Today is Ash Wednesday, the beginning of Lent. Lent is a forty day preparation for Easter, when many Christians, spiritually, walk the wilderness with Jesus and recommit themselves to being his apprentices. Many Christians remind themselves of their finitude and brokenness by submitting to the imposition of ashes on their foreheads.
Remember that you are dust, and to dust you will return.
It’s a very obvious sign of religious observance. But often, the readings for this day focus on how we should avoid doing our piety in public, at least with the wrong motivations. If we do the stuff in order to be seen and honoured, the adulation of the crowd will be all the reward we get. It always struck me as odd that the Church catholic would embody something so directly contrary to the words of our Master Journeyman, Jesus. Are we really supposed to let people notice that we’ve been to services that day, that we’ve piously recalled our finitude and brokenness?
A few years ago, a friend let me in on a secret:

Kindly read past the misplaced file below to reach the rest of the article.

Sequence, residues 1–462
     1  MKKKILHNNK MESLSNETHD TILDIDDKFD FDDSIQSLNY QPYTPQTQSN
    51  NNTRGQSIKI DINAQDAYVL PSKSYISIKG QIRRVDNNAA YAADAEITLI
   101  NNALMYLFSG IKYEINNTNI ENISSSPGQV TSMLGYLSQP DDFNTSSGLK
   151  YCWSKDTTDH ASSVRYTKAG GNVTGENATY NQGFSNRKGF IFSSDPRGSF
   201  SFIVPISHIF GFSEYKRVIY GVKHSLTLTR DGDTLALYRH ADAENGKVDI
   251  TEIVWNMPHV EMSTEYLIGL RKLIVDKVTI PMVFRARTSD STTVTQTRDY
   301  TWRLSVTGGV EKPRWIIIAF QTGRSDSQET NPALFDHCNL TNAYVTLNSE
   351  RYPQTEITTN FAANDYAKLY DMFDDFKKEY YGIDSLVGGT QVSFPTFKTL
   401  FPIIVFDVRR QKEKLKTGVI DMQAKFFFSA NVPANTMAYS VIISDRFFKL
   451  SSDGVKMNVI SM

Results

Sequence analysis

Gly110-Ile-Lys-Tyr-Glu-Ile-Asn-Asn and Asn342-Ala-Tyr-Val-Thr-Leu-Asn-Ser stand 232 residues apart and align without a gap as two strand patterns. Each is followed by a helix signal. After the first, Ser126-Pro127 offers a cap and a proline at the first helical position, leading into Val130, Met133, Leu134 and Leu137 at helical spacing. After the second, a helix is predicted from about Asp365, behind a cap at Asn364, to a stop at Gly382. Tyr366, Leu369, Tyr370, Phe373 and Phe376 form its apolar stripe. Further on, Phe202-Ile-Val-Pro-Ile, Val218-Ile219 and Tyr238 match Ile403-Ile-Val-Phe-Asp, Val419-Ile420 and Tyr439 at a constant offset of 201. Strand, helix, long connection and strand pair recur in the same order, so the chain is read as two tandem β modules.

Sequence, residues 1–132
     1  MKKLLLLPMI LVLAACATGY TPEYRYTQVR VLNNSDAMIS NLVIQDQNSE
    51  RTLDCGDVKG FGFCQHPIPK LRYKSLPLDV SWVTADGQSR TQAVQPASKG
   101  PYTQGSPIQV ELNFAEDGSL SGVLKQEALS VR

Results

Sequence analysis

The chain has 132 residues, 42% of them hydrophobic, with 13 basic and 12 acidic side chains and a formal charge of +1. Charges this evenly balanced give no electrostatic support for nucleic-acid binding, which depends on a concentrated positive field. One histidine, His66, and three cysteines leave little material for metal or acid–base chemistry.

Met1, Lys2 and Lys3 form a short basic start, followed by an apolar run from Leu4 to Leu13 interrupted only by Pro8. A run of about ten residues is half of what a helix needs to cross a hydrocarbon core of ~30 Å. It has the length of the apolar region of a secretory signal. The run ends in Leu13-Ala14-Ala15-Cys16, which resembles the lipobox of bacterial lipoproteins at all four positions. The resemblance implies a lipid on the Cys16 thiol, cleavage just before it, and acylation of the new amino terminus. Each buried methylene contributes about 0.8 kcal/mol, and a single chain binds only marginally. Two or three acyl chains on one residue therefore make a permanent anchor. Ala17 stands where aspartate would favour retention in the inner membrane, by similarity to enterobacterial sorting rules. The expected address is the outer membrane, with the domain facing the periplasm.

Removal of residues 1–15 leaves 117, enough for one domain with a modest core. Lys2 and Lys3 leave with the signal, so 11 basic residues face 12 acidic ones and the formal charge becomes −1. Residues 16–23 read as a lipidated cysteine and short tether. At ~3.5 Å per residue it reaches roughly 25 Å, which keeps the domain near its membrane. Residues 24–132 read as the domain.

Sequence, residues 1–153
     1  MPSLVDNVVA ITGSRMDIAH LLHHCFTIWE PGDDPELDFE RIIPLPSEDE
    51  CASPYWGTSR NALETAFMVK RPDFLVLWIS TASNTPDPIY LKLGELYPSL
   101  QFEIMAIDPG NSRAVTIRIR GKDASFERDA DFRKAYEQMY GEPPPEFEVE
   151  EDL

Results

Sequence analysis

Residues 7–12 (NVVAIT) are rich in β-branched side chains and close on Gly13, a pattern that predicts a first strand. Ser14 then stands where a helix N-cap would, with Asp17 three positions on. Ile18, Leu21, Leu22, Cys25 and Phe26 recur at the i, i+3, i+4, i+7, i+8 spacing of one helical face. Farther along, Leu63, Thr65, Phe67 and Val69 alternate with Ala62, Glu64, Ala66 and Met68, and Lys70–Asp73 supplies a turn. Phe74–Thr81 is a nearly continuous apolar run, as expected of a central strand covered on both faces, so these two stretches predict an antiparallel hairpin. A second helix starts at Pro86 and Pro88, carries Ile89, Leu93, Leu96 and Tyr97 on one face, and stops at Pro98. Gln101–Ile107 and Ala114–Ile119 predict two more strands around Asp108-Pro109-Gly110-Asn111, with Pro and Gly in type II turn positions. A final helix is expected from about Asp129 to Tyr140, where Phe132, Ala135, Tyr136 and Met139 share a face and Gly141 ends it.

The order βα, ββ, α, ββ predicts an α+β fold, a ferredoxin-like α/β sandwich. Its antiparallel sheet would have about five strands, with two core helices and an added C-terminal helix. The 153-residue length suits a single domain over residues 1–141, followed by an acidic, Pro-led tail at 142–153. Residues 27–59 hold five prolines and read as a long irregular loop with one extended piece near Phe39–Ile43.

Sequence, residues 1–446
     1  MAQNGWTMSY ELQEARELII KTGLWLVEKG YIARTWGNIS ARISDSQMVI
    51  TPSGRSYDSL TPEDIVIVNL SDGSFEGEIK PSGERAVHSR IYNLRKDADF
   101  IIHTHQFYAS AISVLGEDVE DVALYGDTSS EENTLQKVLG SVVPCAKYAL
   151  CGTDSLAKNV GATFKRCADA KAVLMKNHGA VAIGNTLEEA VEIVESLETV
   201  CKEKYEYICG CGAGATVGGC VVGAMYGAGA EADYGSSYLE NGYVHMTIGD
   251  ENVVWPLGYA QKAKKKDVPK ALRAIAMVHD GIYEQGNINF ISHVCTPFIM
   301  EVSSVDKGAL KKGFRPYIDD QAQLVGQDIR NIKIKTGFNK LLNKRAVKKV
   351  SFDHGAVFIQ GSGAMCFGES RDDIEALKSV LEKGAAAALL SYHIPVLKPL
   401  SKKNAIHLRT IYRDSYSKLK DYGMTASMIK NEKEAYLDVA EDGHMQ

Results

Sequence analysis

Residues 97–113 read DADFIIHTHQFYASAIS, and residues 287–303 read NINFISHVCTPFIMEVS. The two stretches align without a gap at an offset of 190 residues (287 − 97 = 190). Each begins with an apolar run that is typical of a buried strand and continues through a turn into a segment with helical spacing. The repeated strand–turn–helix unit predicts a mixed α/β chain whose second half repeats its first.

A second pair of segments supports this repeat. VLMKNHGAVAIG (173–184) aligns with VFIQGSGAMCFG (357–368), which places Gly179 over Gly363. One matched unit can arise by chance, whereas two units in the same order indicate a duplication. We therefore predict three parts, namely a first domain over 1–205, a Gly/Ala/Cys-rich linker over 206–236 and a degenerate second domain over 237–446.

Wipe your ashes. Before you go out in public.
For me, this solves the contradiction. And it’s a practice I recommend to other Christians, too. Consider this blog a Public Service Announcement (PSA) of sorts.
I didn’t grow up in Anglican or Roman Catholic circles, so I acknowledge that for some, wiping your ashes wouldn’t make sense. You don’t do the thing to draw attention; you do it because it’s part of your regular, un-self-conscious practice, like taking a moment to say grace before a public meal. That’s awesome. But for me, the temptation to be seen as part of a distinct and pious community (especially in a society like ours) is very strong.
So, I wipe my ashes.
Regardless of the practice you choose this day, I pray that we, choosing to get up off our ashes, will find renewed hope and strength in coming days, not only to acknowledge our finitude and brokenness, but also the incredible Story we have been given to inhabit because of Jesus.